Emergency expenses can come out of nowhere. Your furnace could break down in the middle of the night, forcing you to call up a professional repair-person first thing in the morning to fix it. Your kitchen sink could clog, pushing you to hire a plumber to clear it as soon as possible. Your car could get a flat tire. Your roof could spring a leak. Your dental filling could fall out when you’re eating dinner.
All of these are expenses that you can’t predict and can’t ignore. The only thing that you can do about these types of expenses is to prepare for them before they even arise. How?
Sign Up for an ESA at Work
Does your workplace offer emergency savings accounts (ESAs)? An emergency savings account is an employer-sponsored emergency fund. By signing up for the benefit, you’ll agree to deduct a portion of your paychecks and direct those funds into a savings account. Your employer may offer to match your contributions to help boost those funds in a short amount of time.
An ESA is meant to be your financial safety net in an emergency. When an emergency expense crops up, you can withdraw the necessary funds from the account and pay off the expense right away.
Build Your Own Emergency Fund
Your workplace might not offer emergency savings accounts as benefits to their employees. In that case, you can build an emergency fund without your employer’s help.
An emergency fund is a collection of personal savings reserved for urgent, unplanned expenses. The general rule of thumb is to try to save between three to six months’ worth of expenses inside this fund. This amount should help you manage surprise expenses like home repairs, car repairs and dental appointments immediately.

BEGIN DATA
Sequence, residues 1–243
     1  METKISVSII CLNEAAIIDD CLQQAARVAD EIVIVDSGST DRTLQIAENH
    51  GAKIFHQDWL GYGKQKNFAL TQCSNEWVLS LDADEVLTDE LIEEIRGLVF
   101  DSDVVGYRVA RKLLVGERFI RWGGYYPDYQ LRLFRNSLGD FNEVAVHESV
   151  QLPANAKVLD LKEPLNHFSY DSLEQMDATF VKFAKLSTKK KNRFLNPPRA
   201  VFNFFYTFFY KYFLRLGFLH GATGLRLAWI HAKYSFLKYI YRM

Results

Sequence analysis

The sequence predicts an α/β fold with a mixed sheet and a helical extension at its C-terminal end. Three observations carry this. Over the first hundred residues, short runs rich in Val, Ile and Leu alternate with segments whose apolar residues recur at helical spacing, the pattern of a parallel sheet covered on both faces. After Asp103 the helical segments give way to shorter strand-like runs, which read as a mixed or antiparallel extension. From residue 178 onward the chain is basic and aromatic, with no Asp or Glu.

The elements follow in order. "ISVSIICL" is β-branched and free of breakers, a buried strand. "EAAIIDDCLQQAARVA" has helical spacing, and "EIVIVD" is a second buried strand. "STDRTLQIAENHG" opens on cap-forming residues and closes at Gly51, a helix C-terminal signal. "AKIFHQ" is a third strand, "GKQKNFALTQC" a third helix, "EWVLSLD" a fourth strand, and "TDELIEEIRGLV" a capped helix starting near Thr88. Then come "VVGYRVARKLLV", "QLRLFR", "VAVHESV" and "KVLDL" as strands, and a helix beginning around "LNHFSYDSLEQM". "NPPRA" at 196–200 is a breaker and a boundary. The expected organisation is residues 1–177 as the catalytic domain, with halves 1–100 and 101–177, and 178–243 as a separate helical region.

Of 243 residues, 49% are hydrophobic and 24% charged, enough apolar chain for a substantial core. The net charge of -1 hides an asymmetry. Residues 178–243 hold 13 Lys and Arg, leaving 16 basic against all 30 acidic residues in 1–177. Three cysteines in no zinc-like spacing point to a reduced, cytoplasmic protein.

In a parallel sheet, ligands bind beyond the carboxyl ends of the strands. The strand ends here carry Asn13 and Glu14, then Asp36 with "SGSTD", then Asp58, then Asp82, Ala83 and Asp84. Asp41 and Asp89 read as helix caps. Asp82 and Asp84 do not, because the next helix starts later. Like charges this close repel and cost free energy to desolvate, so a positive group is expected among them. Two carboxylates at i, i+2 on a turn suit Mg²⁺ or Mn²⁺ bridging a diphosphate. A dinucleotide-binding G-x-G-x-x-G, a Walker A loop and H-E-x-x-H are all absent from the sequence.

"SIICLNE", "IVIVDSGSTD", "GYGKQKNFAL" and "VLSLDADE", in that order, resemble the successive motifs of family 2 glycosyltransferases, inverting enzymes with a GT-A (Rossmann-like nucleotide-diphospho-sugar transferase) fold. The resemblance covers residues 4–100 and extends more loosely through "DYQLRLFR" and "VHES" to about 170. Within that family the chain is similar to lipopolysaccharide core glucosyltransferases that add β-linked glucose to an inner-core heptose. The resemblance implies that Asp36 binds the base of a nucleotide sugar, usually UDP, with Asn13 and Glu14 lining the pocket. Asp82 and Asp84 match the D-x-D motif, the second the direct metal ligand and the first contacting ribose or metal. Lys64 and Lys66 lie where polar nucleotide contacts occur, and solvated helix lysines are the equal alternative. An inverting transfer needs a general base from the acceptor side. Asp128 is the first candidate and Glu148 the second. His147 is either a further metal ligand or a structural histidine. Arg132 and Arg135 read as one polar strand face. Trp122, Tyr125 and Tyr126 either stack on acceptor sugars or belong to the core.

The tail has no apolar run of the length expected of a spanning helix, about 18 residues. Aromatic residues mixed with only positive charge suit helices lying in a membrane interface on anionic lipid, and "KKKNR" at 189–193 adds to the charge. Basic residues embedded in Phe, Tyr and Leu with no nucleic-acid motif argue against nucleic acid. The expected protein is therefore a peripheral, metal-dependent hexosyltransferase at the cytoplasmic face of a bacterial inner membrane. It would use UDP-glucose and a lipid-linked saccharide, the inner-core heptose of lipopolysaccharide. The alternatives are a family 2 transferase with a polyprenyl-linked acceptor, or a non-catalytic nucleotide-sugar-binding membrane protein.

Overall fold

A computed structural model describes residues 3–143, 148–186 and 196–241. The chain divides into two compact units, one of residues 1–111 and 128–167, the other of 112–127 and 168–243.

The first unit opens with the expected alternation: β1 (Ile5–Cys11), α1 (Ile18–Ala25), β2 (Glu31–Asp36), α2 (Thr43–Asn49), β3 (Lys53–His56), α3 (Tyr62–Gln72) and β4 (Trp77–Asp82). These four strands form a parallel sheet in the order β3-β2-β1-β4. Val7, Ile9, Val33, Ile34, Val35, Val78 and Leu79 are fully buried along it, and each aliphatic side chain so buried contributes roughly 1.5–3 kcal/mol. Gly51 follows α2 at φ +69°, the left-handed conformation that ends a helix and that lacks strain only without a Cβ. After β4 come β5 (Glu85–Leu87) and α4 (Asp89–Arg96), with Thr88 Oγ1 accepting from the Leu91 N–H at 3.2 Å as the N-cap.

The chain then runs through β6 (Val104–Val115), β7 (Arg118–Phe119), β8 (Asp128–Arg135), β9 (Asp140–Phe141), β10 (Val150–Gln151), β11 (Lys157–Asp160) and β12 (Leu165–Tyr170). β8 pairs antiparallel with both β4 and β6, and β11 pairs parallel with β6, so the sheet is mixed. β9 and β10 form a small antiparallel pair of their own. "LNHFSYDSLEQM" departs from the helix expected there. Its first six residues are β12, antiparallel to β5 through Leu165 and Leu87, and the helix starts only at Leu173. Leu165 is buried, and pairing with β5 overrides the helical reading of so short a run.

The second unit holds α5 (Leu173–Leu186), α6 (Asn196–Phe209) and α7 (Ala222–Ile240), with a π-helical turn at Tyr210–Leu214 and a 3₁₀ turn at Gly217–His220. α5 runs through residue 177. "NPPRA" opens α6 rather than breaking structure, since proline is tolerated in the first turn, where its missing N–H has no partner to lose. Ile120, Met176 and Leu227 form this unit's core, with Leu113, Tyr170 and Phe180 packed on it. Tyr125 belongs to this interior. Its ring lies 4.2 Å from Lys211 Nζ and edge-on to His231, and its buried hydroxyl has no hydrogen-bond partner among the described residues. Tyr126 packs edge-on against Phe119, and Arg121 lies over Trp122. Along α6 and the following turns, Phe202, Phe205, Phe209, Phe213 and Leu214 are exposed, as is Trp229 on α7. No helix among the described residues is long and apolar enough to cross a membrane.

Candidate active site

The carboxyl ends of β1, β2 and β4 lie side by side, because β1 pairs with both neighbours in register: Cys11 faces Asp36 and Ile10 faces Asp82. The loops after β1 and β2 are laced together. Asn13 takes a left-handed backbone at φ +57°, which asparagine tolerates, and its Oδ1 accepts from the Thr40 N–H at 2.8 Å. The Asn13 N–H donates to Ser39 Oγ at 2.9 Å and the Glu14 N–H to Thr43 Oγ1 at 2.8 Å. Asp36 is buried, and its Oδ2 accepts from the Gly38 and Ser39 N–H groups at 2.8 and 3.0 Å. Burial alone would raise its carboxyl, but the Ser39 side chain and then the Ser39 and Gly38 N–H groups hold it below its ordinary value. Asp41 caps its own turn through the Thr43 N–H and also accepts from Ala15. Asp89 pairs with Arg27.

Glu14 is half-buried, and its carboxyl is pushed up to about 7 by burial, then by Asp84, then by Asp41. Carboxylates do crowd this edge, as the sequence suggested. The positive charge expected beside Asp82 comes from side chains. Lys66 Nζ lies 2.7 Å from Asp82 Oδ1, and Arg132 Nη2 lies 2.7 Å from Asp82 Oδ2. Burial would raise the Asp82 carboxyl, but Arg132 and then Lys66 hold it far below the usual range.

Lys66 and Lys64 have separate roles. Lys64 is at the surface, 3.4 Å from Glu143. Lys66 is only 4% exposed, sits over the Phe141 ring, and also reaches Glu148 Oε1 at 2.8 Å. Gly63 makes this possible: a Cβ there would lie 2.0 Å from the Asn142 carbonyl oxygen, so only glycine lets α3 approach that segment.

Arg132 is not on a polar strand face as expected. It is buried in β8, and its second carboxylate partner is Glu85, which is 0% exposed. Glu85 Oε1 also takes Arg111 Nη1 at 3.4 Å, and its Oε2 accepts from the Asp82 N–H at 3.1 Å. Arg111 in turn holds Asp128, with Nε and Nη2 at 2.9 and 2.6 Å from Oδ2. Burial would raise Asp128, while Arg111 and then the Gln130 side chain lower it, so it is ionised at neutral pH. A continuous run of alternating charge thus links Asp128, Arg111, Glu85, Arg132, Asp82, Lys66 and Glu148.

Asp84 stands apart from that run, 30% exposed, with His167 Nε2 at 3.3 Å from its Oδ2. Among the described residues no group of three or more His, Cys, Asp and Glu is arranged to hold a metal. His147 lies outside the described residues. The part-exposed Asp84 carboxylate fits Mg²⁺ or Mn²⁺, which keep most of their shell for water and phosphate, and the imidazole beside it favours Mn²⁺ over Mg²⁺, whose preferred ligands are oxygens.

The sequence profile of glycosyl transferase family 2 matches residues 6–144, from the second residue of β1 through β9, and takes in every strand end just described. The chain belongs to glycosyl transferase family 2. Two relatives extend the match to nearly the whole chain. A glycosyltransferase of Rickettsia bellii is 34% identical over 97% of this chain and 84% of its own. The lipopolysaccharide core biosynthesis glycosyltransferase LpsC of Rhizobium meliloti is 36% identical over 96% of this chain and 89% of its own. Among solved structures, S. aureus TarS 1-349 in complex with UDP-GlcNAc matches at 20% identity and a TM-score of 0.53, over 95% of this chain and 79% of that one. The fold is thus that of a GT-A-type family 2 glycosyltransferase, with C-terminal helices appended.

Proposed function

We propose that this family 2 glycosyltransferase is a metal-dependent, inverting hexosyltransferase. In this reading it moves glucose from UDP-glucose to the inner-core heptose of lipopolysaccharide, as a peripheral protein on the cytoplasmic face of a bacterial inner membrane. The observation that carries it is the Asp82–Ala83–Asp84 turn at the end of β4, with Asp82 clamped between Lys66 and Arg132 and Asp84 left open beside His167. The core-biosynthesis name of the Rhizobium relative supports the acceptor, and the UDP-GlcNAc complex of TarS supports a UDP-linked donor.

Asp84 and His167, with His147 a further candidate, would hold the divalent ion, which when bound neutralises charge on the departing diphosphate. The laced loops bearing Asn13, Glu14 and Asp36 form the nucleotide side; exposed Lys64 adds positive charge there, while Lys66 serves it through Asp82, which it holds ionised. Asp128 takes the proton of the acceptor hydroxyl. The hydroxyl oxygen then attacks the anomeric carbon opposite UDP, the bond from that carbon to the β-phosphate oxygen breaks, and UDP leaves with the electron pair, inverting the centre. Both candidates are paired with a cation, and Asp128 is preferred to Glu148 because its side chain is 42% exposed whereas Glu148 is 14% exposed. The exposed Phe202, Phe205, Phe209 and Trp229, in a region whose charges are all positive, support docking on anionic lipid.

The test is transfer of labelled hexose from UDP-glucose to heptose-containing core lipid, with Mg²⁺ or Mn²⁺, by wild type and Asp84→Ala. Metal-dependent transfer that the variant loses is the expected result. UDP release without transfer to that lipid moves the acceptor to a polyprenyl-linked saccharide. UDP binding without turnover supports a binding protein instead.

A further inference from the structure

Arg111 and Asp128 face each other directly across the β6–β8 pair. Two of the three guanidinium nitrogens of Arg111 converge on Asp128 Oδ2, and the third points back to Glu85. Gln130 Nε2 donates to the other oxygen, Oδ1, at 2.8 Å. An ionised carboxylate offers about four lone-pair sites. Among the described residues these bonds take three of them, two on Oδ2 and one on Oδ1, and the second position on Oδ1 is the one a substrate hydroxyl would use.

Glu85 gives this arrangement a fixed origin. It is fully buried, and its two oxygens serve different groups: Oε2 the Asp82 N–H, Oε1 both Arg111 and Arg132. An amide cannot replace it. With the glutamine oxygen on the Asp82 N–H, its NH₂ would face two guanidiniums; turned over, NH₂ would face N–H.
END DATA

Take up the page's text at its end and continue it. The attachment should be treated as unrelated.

Having three to six months’ worth of expenses saved up in your emergency fund can also help you weather periods of financial instability. For instance, if you were ever in a situation where you unexpectedly lost your job, you could use the savings in your emergency fund to cover your essentials like your rent, groceries and utility bills. It can temporarily supplement your income until you regain some financial stability.
Keep Your Credit Card Balance Low
Your credit card can be an excellent safety net in an emergency — of course, as long as the balance on it is far from the credit limit. If the balance is too close to the set credit limit, you might not be able to put a surprise expense onto the card without causing further financial trouble. You could end up giving yourself a balance that is too difficult to pay down through your monthly billing cycle. Or worse, you could end up maxing out your credit card entirely.
So, you should do your best to keep your credit card balance as far from the limit as possible. A low balance will give you plenty of available credit to rely on in emergencies. You’ll be able to add a surprise expense to it without suffering any unintentional consequences.
What If You’re Not Prepared?
An emergency expense has fallen into your lap and you’re not prepared. You don’t have an emergency savings account through your workplace. You don’t have a personal emergency fund. The balances on your credit cards aren’t that low.
What options are left? This is when to get an emergency loan to borrow funds for your urgent expense. As long as you meet the qualifications for the emergency loan, you can fill out your application in a matter of minutes. If you get approved for the loan, you can use those funds to cover the expense in a short amount of time. Once that’s over and done with, you can focus on repayments through a straightforward billing cycle.
Emergency loans should be used as last resorts. They shouldn’t be the first solutions you turn to in a crisis.
Be prepared for the unexpected! Set up these safety nets so that you can cover emergency expenses whenever they arise.